The Baritone ukulele (along with the Bass Ukulele) is the largest instrument in the ukulele family measuring an overall 30″ inches (76.2cm) in height. With its lower DGBE tuning and a low 4th string, the Baritone ukulele is tuned exactly the same as the top 4 strings on a guitar so it is popular with many musicians looking for an alternative to the guitar, or a travel guitar. In comparison to the 38 inches (96.5cm) of a full-size guitar they make great travel instruments! This may seem like a huge leap for many ukulele players, however because the intervals between the strings are exactly the same as the ukulele, ukulele players can quickly adapt to the Baritone ukulele using all the same chord shapes they know already.
Like the guitar, the Baritone ukulele has a lower pitch than the Soprano, Concert and Tenor ukuleles, so it can be a great way to play what you know already using the same chord shapes, but achieve an altogether different sound and timbre.
That's right, all of your chord shapes remain the same! If you were to use the same shapes as you’ve learnt in traditional GCEA ukulele tuning on a Baritone, you’d simply be playing in a different key. Chord 'shapes' for the key of C in GCEA tuning (ie. C, Dm, Em, F, G, Am) played on a Baritone Ukulele produce chords in the Key of G (ie. G, Am, Bm, C, D, Em). It’s like extending the neck of your ukulele by 4 frets and adding a low 4th string. Once you’ve got your head around this, the Baritone can give you immediate access to a completely different tonal range and sound!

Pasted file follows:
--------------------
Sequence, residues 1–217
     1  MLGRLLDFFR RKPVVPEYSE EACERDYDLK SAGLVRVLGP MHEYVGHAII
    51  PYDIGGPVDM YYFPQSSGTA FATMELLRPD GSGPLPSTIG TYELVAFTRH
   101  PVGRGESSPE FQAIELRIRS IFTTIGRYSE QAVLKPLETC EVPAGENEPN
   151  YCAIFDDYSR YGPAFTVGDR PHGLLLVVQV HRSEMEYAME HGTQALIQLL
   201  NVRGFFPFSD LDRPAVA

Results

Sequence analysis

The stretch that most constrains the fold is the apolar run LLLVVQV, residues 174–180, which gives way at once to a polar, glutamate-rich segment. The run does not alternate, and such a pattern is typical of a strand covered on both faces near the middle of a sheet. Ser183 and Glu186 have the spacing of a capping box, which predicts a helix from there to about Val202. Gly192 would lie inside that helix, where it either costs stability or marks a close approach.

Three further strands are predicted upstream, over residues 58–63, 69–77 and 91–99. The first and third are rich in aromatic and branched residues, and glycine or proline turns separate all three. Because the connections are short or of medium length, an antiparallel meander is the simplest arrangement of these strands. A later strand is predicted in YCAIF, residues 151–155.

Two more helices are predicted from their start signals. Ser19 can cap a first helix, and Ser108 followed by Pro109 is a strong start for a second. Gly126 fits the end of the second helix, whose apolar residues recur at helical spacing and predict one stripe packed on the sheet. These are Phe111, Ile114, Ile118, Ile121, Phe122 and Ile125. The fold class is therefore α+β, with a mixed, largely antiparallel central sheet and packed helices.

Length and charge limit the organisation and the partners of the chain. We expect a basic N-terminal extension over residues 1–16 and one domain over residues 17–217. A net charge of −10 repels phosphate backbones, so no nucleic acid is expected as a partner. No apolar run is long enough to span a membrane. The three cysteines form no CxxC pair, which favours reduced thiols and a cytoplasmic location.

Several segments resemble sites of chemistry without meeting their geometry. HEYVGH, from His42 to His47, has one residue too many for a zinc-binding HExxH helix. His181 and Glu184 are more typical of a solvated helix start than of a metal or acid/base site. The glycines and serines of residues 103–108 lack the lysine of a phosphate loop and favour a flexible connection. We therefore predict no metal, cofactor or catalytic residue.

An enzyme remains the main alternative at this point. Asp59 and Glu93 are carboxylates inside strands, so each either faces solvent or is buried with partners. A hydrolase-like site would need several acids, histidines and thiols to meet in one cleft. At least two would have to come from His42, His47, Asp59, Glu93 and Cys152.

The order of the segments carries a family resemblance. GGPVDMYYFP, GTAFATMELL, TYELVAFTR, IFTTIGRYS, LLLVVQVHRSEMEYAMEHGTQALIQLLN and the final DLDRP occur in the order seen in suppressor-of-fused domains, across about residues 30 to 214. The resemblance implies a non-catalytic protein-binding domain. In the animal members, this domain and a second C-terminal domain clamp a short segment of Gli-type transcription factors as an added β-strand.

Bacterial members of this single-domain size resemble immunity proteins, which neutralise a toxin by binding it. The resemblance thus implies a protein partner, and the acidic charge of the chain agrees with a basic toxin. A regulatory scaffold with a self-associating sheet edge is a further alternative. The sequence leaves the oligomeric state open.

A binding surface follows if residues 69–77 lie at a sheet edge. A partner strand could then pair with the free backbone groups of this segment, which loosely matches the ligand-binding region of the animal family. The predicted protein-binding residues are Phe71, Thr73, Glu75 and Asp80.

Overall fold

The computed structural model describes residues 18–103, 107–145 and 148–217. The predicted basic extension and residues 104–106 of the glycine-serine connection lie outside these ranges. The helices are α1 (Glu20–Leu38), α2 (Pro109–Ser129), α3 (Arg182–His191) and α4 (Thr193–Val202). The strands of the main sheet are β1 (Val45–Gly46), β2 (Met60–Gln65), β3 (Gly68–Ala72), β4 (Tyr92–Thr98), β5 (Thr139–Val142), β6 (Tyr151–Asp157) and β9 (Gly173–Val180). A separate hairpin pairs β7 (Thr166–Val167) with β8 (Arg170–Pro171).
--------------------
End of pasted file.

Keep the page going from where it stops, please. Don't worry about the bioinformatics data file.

For anyone looking toward progressing to the guitar, the Baritone ukulele makes a great stepping stone. But really, the Baritone ukulele is a wonderfully deep, and soulful instrument in its own right, that is just waiting to be discovered!